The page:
The data derived from a Delphi study can be very valuable as a guide to planning a curriculum. From the expert predictions, faculty can anticipate the behaviors, skills, and knowledge needed to prepare nurses now for future nursing practice. Decisions can then be made as to the content and processes needed in a well balanced curriculum. Specifically, knowledge and skills considered desirable and/or probable can be compared with curriculum objectives and content. Areas not covered in current curricula could be considered for curriculum revision. Also, areas currently emphasized could be reevaluated considering the respondents' replies.
The faculty of the baccalaureate nursing program at Maryville College utilized the findings from the Delphi Study in the development of their curriculum. Their philosophy, conceptual framework and objectives reflected psychosocial assessment and intervention, preventive care and health education, research, leadership and family/community concepts. The Delphi Study provided the concensus as to this faculty's philosophy of how nurses should be prepared for the future.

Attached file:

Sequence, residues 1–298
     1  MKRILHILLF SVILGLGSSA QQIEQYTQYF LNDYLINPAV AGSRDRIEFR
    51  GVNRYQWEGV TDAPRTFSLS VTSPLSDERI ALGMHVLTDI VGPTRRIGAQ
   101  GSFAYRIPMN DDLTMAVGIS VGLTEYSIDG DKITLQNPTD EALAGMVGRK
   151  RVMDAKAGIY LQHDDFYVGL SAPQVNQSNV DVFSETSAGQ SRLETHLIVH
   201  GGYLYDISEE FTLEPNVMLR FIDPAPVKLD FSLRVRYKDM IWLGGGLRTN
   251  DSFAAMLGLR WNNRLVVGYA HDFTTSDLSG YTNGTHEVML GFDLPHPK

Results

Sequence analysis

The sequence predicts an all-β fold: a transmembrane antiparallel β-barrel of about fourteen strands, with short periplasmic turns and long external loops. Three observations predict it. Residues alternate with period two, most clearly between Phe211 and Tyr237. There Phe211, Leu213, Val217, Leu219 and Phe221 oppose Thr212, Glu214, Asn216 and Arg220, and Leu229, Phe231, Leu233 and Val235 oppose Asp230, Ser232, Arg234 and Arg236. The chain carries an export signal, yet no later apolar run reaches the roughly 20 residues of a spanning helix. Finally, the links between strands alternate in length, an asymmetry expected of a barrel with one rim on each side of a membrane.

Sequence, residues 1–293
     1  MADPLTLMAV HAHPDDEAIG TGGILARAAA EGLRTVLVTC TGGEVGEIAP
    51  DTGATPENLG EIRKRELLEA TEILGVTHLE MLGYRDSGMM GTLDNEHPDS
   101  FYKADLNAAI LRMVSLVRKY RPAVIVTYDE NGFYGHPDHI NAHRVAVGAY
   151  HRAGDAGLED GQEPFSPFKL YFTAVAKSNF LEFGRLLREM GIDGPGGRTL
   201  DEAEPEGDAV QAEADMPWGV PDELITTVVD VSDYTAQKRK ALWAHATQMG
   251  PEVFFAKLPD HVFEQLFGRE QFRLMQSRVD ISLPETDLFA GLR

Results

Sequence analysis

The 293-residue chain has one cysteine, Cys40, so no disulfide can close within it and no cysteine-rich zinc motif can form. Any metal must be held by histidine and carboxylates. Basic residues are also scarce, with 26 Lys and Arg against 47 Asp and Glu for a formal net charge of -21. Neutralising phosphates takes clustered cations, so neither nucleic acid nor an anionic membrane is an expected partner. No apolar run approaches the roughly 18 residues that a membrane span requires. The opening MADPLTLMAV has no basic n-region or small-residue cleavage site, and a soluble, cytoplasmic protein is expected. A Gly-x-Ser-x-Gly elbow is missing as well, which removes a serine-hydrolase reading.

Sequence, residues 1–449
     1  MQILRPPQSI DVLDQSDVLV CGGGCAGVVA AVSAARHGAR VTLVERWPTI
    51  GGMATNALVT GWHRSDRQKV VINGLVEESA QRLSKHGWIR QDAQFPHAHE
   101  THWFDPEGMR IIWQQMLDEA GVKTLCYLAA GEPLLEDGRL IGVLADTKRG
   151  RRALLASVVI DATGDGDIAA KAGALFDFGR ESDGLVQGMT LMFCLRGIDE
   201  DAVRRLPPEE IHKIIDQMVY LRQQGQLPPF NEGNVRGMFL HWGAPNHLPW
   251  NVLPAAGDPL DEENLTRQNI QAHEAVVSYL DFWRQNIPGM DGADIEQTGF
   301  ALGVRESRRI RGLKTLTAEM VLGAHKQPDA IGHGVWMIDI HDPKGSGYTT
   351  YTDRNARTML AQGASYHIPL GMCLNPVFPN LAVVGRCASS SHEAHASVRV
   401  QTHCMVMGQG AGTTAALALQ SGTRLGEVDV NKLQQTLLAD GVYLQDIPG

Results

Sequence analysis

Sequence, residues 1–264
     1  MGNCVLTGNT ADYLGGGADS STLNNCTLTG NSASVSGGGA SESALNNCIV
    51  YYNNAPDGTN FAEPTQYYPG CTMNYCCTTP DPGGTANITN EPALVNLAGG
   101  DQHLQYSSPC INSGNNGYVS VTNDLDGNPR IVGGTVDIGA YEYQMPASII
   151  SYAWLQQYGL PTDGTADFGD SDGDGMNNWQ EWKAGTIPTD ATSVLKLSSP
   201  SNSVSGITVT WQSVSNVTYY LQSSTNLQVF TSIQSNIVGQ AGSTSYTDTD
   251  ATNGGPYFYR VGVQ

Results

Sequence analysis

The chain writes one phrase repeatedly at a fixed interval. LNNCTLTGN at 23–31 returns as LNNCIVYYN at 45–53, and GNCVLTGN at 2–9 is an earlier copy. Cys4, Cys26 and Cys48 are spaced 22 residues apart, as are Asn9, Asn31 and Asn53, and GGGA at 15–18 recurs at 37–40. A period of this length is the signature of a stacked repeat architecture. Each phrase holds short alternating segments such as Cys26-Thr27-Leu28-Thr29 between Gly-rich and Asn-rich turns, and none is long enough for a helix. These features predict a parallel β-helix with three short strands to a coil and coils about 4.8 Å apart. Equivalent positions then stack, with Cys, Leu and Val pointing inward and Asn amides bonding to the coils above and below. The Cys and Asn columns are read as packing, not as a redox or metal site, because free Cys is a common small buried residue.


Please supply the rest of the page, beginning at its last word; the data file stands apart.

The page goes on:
The implications for use of the Delphi in curriculum planning are considerable. First, the tool allows the faculty the opportunity to express their perception of future needs to those responsible for curriculum development. Secondly, all faculty have an equal voice although they are exposed to the "collective voice" of their constituents. Third, the use of practitioner/students, who are currently practicing and may continue to practice nursing into the twenty-first century, gives them a voice in planning for their future coworkers. Obviously, many other factors are considered in curriculum planning, but the Delphi technique can be a useful adjunct to curriculum development.
The authors wish to express their appreciation to the students of the Bachelor of Science in Nursing Program who assisted with the Delphi Study.
- Holman, J. Nurses target political, social issues for future action. Hospitals, 1977, 51, 83-84.
- Lindeman, CA. Priorities in clinical nursing research. Nursing Outlook, 1975, 23, 693-698.
- McNaIIy, J. A. Toward anticipating possible needs for nursing services that might emerge from anticipated social and technological developments: A demonstration of a use of the Delphi method. Unpublished doctoral dissertation, Columbia University, 1974.
- Montag, M. L. Changing patterns of nursing education and practice. Lamp, 1973, 30, 23-28.
- Partridge, K. B. Nursing values in a changing society. Nursing Outlook, 1978, 26, 356-360.
- Toffler, A. Future Shock. New York: Random House, 1970.